Thanks ValaCZE. But is it always true? Imagine a case when the topic (mice) has already been introduced but we are not talking of any particular mice?
When it comes to language i think that no rule applies 100%. The fact that czech doesn't have articles is one of the hardest parts by translations to english. You just mostly have to use the "sixth sense" to decide.
Actually "Vidím myši" says that you see a group of mice and it doesn't matter if we have alreadybeen talked about them or not.
When you use demonstrative pronouns in czech you just emphasizes the concrete object.
We want to show this to users so the demanded answers may not have added all posible variants yet. (We can also change our first intention which answer accept and which not.)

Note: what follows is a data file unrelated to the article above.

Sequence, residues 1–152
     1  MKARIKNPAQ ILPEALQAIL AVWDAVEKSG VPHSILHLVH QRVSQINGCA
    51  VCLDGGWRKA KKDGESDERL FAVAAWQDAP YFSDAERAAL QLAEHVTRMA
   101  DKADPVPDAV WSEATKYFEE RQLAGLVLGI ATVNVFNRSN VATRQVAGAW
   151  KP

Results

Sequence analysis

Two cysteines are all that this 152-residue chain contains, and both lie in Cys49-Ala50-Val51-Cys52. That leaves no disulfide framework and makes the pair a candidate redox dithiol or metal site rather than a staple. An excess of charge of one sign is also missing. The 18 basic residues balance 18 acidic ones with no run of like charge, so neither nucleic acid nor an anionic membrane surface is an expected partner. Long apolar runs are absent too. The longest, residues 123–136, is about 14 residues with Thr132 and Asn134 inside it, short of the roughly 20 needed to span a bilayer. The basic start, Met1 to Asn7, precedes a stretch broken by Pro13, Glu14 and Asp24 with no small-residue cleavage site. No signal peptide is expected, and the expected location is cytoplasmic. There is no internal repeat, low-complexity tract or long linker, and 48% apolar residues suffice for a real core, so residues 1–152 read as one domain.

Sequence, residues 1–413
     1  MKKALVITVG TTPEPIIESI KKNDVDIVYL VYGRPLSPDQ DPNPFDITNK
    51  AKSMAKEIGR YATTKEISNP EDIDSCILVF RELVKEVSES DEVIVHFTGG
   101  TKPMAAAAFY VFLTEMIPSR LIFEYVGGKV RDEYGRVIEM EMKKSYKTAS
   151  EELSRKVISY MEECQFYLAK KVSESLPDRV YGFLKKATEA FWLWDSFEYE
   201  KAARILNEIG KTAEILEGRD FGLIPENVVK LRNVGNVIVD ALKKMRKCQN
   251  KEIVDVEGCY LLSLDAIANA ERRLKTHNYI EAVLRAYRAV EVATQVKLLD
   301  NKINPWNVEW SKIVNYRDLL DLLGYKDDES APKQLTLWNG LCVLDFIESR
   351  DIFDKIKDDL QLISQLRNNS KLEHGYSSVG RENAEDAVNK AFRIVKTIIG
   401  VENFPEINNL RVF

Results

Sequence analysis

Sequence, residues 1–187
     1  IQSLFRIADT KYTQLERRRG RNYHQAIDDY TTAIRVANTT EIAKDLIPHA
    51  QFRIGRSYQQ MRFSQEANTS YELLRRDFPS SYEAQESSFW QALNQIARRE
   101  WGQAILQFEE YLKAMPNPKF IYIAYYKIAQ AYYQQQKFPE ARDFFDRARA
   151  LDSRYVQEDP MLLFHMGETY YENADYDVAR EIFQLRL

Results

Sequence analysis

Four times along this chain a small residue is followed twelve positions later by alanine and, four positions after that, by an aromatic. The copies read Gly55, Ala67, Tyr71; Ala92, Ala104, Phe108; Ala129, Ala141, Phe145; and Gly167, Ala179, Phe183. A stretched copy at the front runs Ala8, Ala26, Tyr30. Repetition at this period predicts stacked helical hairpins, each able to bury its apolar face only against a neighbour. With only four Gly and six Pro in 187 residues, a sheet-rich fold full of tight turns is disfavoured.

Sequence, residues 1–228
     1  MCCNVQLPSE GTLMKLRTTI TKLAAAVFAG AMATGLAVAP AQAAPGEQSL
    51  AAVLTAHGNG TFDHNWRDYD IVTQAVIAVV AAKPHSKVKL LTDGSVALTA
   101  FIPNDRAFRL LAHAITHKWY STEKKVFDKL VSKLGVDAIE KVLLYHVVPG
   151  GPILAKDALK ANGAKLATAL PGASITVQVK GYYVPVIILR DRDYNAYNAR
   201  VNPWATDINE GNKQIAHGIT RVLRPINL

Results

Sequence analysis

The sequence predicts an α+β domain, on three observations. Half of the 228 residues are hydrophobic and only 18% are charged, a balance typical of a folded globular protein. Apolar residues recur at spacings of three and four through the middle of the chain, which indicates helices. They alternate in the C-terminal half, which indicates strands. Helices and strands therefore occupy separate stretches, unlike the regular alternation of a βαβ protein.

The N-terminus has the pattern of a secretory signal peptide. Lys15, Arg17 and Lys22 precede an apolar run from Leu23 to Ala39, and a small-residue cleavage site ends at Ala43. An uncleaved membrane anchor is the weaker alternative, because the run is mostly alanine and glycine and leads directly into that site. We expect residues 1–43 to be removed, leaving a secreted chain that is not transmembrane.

Without context there's no reason to favor "I see mice" over "I see the mice."
On the contrary, without context, there is no reason to insert the word 'the' in the English.
I would like to ask, if the word "mice" is in accusative-plural case in this sentence, shouldn't it be "Vidím myšy" instead?
Is the word mouse/mice masculine or feminine? Mys ends in a consonant, so I assumed it was masculine.